Mandamus to Brant van Slichtenhorst to appear before the director general and council to answer such complaints as will be made against him. October 31, 1648. Original draft in the handwriting of Petrus Stuyvesant.

Scanned Document:

What complaint we, as Sheriff and Fiscal of New Netherland, have against Brant van Slechtenhorst Sheriff in the Colony of Renselaerswyck, he shall hear and see when he appears on our issued summons before such judges as are thereto qualified by their High Mightinesses and the Honorable Directors, whose province it is to decide whether the summons be legal and correct or not, the trespasses and injuries respecting which it was issued being previously exhibited and proved. And we assert that we are not obliged to summon Sheriff Slechtenhorst where he holds his domicil, much less before the court of Renselaerswyck where the accused party is himself plaintiff and judge, and no other magistrate besides him, qualified thereto by commission of their High Mightinesses, or by commission from the Patroon, except Anthony de Hoges, the secretary, who, in like manner, cannot be witness and judge. It is sufficiently admitted that the Judges and Councillors appointed and qualified by the Patroon, have long since become dependent on and subservient to this officer, and therefore there exists no proper com-t of Justice, neither are any judgments pronounced before such court, acceptable and valid wherein their High Sheriff or Director is, himself a party, plaintiff and judge, or at least where he had only one qualified councillor with him. "We will not enter into a discussion here respecting the Commandant's assumption, that the Colony has high and low jurisdiction ; but we assert, conformably to the Exemptions, that the high jurisdiction in New Netherlands belongs to the Company, and that the Colony is subordinate thereto.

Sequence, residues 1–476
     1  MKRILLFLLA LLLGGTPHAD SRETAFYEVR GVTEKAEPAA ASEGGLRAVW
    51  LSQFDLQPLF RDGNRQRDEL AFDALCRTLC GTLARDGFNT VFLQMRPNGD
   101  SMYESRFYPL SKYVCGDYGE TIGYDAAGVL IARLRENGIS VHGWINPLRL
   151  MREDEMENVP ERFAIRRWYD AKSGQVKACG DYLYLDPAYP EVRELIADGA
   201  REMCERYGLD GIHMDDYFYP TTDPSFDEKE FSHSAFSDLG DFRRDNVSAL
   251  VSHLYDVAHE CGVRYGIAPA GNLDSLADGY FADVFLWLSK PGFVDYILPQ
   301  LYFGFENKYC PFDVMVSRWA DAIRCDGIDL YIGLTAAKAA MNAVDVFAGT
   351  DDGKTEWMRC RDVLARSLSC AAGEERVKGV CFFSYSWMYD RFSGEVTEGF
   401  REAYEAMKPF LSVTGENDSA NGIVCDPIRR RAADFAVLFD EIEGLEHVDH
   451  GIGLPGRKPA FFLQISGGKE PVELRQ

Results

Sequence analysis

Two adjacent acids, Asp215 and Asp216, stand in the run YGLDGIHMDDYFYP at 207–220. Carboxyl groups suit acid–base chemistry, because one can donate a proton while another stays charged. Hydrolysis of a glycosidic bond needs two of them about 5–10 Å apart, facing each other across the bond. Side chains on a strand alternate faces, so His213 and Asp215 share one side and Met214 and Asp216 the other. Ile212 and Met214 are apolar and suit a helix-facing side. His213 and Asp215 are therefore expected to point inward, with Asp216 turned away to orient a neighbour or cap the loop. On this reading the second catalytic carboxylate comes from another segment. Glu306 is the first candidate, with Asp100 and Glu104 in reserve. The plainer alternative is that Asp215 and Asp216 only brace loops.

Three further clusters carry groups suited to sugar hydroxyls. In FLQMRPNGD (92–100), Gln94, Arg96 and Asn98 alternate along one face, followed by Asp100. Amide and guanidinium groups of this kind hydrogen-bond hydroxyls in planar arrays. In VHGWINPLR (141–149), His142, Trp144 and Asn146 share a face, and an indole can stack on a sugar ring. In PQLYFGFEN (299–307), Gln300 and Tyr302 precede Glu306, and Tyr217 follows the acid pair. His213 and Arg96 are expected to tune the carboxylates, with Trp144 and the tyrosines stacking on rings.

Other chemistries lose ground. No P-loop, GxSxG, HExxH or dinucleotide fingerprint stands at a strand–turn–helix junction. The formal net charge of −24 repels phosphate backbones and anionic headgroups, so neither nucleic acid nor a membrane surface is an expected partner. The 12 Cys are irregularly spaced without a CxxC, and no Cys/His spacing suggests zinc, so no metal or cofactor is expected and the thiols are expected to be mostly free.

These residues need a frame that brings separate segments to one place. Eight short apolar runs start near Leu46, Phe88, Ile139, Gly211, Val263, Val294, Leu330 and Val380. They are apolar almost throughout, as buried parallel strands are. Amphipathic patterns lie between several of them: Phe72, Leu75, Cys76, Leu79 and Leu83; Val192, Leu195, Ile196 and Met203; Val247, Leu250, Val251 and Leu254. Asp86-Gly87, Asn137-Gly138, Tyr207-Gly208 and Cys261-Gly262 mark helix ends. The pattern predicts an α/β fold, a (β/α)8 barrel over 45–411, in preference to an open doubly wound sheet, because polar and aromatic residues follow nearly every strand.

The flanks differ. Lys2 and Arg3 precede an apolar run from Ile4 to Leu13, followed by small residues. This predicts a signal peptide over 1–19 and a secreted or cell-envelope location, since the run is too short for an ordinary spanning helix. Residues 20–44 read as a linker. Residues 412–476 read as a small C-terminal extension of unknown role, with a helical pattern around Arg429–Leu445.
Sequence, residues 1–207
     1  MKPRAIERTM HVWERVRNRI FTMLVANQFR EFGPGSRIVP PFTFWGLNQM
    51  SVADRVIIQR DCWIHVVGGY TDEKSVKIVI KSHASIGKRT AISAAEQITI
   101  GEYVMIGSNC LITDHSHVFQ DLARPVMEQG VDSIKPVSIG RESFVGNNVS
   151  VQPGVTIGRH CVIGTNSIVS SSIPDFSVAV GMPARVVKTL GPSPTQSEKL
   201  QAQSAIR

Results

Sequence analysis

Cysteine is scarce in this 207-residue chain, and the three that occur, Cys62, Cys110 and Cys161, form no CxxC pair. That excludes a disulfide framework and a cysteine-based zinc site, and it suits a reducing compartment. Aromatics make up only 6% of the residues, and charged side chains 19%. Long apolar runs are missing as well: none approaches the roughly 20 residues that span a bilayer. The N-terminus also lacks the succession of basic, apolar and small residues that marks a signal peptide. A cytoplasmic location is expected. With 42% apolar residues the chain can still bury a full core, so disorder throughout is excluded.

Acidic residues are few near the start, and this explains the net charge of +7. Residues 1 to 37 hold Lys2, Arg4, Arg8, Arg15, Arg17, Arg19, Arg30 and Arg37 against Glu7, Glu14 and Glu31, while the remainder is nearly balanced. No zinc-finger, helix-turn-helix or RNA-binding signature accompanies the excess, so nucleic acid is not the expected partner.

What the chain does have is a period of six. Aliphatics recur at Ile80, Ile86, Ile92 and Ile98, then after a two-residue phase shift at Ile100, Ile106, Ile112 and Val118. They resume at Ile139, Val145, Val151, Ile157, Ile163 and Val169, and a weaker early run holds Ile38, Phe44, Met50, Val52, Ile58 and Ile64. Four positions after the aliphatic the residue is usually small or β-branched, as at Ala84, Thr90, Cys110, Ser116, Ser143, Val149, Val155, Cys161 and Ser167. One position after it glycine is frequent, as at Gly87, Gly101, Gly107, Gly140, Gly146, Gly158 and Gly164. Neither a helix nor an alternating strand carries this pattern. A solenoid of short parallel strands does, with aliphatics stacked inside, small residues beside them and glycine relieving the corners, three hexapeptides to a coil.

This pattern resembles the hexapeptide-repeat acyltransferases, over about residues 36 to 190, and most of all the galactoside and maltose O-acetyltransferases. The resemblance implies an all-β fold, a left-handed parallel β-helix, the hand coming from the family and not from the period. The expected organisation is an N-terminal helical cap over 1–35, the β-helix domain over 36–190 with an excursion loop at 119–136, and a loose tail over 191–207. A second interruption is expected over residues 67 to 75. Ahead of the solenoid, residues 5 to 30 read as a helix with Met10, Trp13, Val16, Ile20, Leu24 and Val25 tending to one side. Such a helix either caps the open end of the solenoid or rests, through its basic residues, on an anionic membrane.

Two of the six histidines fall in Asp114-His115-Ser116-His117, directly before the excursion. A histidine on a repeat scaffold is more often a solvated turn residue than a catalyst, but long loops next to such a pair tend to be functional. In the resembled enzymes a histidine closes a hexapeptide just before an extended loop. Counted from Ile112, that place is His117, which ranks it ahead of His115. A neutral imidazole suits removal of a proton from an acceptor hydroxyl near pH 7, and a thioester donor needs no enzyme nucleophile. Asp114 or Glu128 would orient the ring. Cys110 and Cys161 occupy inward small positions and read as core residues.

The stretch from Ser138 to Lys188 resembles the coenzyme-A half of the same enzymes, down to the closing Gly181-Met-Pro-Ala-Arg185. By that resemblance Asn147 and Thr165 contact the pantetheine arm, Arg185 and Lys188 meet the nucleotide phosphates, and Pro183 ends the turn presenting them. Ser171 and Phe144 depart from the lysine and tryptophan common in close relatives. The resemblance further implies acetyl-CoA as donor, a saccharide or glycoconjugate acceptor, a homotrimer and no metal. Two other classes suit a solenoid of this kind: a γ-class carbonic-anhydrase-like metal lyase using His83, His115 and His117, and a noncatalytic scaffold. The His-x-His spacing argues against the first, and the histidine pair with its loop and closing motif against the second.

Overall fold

Whether the notice or summons was made in writing or verbally, is, in our opinion not so much the question as, was it served? This was done once, twice and three times by the Company's Commissary in Fort Orange, in the presence of two credible witnesses, and the Commandant's exception is purely frivolous, since in Fatherland it is not customary that any summons should be made in writing, but only verbally by the sworn messenger, and the Commandant herein contradicts himself, inasmuch as, at the close of his nullities, he himself writes that he received the notice on the 28th of September, through his door.

It is a flimsy misrepresentation (to say that whenever any summons and notices are served, the defendant is inforjned why he is summoned and subpoenaed ; this is in no place the practice ; and no copy of a notice can be furnished to the defendant, because the summons before all Courts is made verbally ; and whenever the defendant appears and a written complaint is lodged in Court[i] against him by the prosecutor, then it depends on the pleasure of the Judges to grant the defendant a postponement in order to answer in writing the written complaint.